Alejandro Alcocer has a costly obsession. An avid watch collector for over 20 years, Alcocer claims to have one model of almost every timepiece Rolex has ever produced. When word of an exclusive, black Explorer One series made in the late 60s for the Royal British Navy stationed in South Africa reached Alcocer, elation quickly gave way to frustration. “I had to have one,” he says “but I found out that that the distribution of the 500 pieces was never confirmed by Rolex.” Add to this the minor obstacle that a single piece from this ‘disavowed’ collection was reportedly sold at auction for $162,000.
Inspired by this holy grail of horologes, Alcocer decided to create his own range of vintage, limited edition stainless steel Rolexes – in glorious matte black. Sourcing only well-maintained pieces produced between 1958 and 1990 (Alcocer favours both the designs and lighter stainless steel used during this period), each iconic model was carefully vetted by a watch expert in Geneva to ensure it contained all of its original components. “We would not use ‘FrankenRolexes’,” he says, explaining that many vintage finds are often not what they seem upon closer inspection. As one might expect, the movement of each chosen watch was given such a meticulous overhaul and deep cleaning that the Rolexes were effectively, in Alcocer’s words, “not new but good as new.”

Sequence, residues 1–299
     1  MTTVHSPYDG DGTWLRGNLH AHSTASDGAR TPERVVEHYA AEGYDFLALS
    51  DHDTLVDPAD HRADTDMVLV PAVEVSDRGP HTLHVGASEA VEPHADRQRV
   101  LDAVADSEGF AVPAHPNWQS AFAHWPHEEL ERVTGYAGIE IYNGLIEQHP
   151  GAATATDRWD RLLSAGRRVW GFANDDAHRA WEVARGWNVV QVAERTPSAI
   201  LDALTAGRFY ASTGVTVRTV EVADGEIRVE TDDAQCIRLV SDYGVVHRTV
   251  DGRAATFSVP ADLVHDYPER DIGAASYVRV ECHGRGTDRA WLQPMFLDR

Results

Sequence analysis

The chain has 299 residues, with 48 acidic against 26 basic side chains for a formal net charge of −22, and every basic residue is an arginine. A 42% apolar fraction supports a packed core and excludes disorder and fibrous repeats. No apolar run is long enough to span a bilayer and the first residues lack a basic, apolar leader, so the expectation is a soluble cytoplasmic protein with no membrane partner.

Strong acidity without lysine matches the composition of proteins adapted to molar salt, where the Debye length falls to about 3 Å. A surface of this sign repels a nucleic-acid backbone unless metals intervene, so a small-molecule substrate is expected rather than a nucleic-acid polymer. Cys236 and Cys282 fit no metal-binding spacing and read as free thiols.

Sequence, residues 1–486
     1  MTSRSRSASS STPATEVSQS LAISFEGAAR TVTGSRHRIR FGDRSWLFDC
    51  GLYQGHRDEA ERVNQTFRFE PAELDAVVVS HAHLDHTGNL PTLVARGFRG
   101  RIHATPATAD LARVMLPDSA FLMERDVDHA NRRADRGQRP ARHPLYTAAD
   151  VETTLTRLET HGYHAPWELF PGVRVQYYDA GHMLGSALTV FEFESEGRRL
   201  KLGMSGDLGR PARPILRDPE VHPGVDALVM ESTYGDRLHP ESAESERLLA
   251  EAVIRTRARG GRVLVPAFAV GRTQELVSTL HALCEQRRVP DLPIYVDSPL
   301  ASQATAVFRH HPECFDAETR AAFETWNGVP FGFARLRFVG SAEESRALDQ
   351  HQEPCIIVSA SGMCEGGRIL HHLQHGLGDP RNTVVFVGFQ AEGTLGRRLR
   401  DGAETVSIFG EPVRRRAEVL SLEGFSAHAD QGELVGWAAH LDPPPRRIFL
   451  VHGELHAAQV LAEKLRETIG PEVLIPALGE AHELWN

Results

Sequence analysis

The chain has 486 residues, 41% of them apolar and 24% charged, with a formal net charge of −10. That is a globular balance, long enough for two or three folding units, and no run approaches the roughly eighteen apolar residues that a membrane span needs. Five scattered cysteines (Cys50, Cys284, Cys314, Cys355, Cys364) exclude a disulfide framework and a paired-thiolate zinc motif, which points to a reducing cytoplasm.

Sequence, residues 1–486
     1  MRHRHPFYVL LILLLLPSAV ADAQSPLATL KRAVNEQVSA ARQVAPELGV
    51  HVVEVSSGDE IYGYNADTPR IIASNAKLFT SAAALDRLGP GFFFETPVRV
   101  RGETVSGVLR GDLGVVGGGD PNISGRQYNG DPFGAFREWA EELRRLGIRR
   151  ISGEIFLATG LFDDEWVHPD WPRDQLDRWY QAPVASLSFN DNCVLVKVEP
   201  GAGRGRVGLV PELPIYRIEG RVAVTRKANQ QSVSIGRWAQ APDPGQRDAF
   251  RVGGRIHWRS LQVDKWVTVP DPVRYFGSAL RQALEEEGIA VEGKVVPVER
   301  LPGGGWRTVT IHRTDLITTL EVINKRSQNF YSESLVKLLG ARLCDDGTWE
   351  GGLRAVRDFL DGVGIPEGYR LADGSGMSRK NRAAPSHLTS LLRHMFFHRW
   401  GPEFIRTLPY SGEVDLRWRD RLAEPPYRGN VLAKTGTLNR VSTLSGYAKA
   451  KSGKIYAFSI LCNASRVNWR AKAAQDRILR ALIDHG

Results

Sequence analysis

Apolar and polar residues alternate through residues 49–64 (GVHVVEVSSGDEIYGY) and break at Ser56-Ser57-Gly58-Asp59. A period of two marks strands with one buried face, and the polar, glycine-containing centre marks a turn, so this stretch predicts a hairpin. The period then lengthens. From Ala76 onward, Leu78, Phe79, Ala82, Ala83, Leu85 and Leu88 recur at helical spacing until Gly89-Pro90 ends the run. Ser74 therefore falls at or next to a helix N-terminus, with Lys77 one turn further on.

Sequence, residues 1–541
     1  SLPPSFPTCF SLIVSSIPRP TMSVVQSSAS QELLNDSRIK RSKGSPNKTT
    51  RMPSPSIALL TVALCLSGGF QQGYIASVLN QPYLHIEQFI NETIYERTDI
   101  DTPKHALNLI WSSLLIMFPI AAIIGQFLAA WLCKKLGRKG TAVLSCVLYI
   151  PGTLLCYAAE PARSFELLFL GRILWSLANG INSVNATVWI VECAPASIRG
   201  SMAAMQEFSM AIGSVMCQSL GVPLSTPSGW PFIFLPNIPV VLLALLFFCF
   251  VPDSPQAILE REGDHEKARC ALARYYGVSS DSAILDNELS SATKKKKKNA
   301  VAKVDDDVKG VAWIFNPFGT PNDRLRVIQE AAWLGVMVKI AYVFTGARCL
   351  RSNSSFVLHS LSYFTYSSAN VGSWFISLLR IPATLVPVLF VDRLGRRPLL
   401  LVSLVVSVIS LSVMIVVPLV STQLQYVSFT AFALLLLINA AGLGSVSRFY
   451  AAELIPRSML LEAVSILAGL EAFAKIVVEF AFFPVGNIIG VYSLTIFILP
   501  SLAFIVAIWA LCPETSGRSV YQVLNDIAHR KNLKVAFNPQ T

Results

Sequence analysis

The collection was then sent to a Pennsylvania-based company where a coating process known as Physical Vapor Disposition (PVD) fused a micron thick layer of carbon particles onto the disassembled components creating the signature black matte finish. While PVD has been around for a number of years (used primarily in medical and military applications to decrease friction wear on metal parts), Alcocer takes pride in the fact that his unique proprietary method for the Rolex project took three years to develop. After a Diamond Like Coating (DLC) was applied to increase the strength of the layered components, the collection was shipped back to Geneva to be re-assembled.
With only 50 watches released in each of the five Rolex models produced, Alcocer is confident that these limited editions will continue to increase in value with time. “Sixty percent of the retail pieces have been sold,” he says “and there is already a secondary market for them.” Worth aside, the bragging rights alone should be enough to have any fellow Rolex devotee or design junkie thinking about just how much matte matters to their watch wish list. Alcocer puts it best: “A well-designed watch has always reminded me that we are given an unknown amount of time to realize dreams and fulfill visions.” Tick tock, collectors.